I'm pretty sure "riding schools" are covered by insurance. Not sure about orgs like N2/STT and whether or not they count as schools/rider education or are just seen as track days/racing. I guess I should call progressive and see what they say at some point. It's only like $60/month to fully insure the CBR and Street Triple and both are used on the street, though the CBR probably won't see much use on Ohio roads. 

 

One of the biggest reasons I got a track bike in the first place was I wanted something that wouldn't cost me my ass if/when I crashed. I didn't want to deal with repairing my street bike and take the resale hit once I decided to sell it if it had a rebuild/salvage title. 

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OSUYZFR1    125

I think it depends on the insurance company. I know of multiple guys who have been covered by insurance after crashing at MidO. It’s been a few years and maybe things could have changed with them.

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blue03636    4,091

I would call your insurance company and ask about instructional classes. Most will cover novice no problem as they are typically called out as instructional days.

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blue-yamaR6s    124
2 minutes ago, blue03636 said:

I would call your insurance company and ask about instructional classes. Most will cover novice no problem as they are typically called out as instructional days.

I did and this time they told me if it was held on a race track, I would not be covered. Time to shop around again for insurance.

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blue-yamaR6s    124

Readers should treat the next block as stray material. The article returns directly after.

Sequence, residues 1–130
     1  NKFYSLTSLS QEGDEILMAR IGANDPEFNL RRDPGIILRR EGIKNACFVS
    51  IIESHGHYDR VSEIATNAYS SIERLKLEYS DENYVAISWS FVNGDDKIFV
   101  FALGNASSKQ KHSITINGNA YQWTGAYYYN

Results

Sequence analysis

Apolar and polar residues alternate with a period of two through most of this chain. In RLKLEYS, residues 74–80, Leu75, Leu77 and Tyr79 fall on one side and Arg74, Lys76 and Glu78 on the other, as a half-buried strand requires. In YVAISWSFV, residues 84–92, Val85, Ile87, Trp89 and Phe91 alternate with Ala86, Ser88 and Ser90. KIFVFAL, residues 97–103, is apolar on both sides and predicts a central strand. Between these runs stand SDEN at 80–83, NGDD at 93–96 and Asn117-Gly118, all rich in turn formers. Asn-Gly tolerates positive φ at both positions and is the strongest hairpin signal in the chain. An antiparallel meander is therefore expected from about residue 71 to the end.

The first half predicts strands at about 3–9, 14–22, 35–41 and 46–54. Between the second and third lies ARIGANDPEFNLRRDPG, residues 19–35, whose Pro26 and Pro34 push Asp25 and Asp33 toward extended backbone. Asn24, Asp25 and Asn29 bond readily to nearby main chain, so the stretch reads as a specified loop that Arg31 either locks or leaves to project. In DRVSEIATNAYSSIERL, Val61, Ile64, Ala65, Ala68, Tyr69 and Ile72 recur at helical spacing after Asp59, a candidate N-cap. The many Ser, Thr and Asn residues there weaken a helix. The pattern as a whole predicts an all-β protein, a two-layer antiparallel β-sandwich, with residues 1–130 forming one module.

1 hour ago, ludwb675 said:

I bought a dedicated track bike (and then sold my street bike two years later). Kinda wish i would have just used that as the track bike from the beginning as it probably would have saved me some cash. Either way I don't carry any insurance on the track bike. 

Not sure how medical works for everyone but when i went off the track, medical covered everything except my deductible. Ambulance ride, ct scan, xray, doctor and room cost. Looking back i'm not sure most of that was necessary but i had a concussion at the time and at some point mentioned a sore hip. I'm assuming it all depends on your plan and carrier. 

I guess your bike could just happen to fall off the trailer on the way home too. 

Falling off the trailer is a good idea as long as they don't want a police report.

Edited by blue-yamaR6s

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blue03636    4,091
9 minutes ago, blue-yamaR6s said:

Falling off the trailer is a good idea as long as they don't want a police report.

Last crash I had I never got a police report. Nothing was damaged other than my bike so no need to get one.

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Tonik    10,977
13 minutes ago, blue03636 said:

Last crash I had I never got a police report. Nothing was damaged other than my bike so no need to get one.

+1 no police report on my wreck on 536. Although I would be hesitant to commit insurance fraud for the cost of a track bike.

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blue03636    4,091